The aerodynamic tweaks to the Formula 1 technical regulations for the 2019 season should not be seen as a “cure” to the sport’s current on-track overtaking difficulties, according to CEO and chairman Chase Carey.

Following complaints from drivers that it was difficult to tail cars ahead closely on-track due to the dirty air being produced, the FIA pushed through tweaks to the 2019 technical regulations in a bid to make it easier to follow and increase overtaking opportunities.

The issue has been most evident in Australia and Monaco so far this season, with the lack of passes in the latter resulting in heavy criticism from drivers including world champions Lewis Hamilton and Fernando Alonso.

Speaking at the FIA Sport Conference in Manila earlier this week, Carey explained how the 2019 changes should not be regarded as the cure to F1’s ongoing overtaking headache, but instead as a step in the right direction before a greater overhaul arrives in 2021.

“For sure, overtaking is clearly an issue,” Carey said. “I think we know the steps we’re taking in 2019 with the FIA are not a cure. They are a step. The changes in 2021 will be more significant, so we are more broadly addressing the aerodynamics.

“We don’t want to lose the aerodynamic aspects that make Formula 1 racing so spectacular, but we do think we need to do things that enable overtaking to be a much more significant part of the sport.

“It’s not the only problem. I think there are lots of things that we have underway that will bring a more competitive balance, more action on the track, and in many ways more unpredictability.”

F1 is currently in talks with teams over its vision for the future of the sport from 2021 - when the existing commercial agreements expire - and held meetings outlining plans in both Bahrain and Monaco.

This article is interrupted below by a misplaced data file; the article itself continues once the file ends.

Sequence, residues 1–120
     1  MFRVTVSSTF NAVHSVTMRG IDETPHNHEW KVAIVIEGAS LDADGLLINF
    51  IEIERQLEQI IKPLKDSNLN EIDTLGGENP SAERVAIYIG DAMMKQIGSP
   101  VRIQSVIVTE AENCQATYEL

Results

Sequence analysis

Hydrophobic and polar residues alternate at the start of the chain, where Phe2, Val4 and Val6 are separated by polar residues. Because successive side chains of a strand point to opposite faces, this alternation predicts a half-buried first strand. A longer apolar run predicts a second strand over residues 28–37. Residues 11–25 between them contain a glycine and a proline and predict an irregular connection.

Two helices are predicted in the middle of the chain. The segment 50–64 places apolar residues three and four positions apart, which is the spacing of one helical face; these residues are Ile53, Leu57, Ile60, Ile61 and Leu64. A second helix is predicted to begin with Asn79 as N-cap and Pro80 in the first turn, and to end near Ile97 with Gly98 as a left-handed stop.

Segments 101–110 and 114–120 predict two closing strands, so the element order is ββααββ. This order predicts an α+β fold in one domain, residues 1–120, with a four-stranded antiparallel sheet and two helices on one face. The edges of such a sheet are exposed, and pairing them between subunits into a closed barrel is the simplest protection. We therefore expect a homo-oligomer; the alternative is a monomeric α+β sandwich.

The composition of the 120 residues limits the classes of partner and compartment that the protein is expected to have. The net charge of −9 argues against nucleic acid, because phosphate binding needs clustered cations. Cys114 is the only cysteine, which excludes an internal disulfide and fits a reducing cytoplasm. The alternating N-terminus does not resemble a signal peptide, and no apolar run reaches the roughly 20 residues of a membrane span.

A cost cap is one of F1’s most radical plans for 2021, known to stand at a proposed $150 million per season, while a change in the existing revenue payout structure to teams is also being planned in a bid to remove the current performance disparity throughout the grid.

“Predictability is not good in sports. You want the unexpected, you want the memorable moments that you didn’t see coming, you want that underdog winning,” Carey said.

“You want those sort of things to happen, so we are more broadly addressing the disparity and costs that exist for teams that create an imbalance on the track, a disparity of revenue that has the same impact, the engine regulations, the aerodynamics.

“It’s a whole mix of things that really we believe can provide a much more exciting race for fans, and make it a much better business for everybody.

“Today I think the economics of the sport have gotten into a pretty challenging place for many of the teams. We want it to be a place that new teams want to come into. We want it to be a place where everyone wants to be excited to be a part of it, not just fans, but teams as well.

“We do have a lot of things going on, working in partnership with the FIA to really I think bring the sport to where we think it can and should be to really engage fans around the world in the best way possible.”

Additional reporting by Dieter Rencken in Manila.

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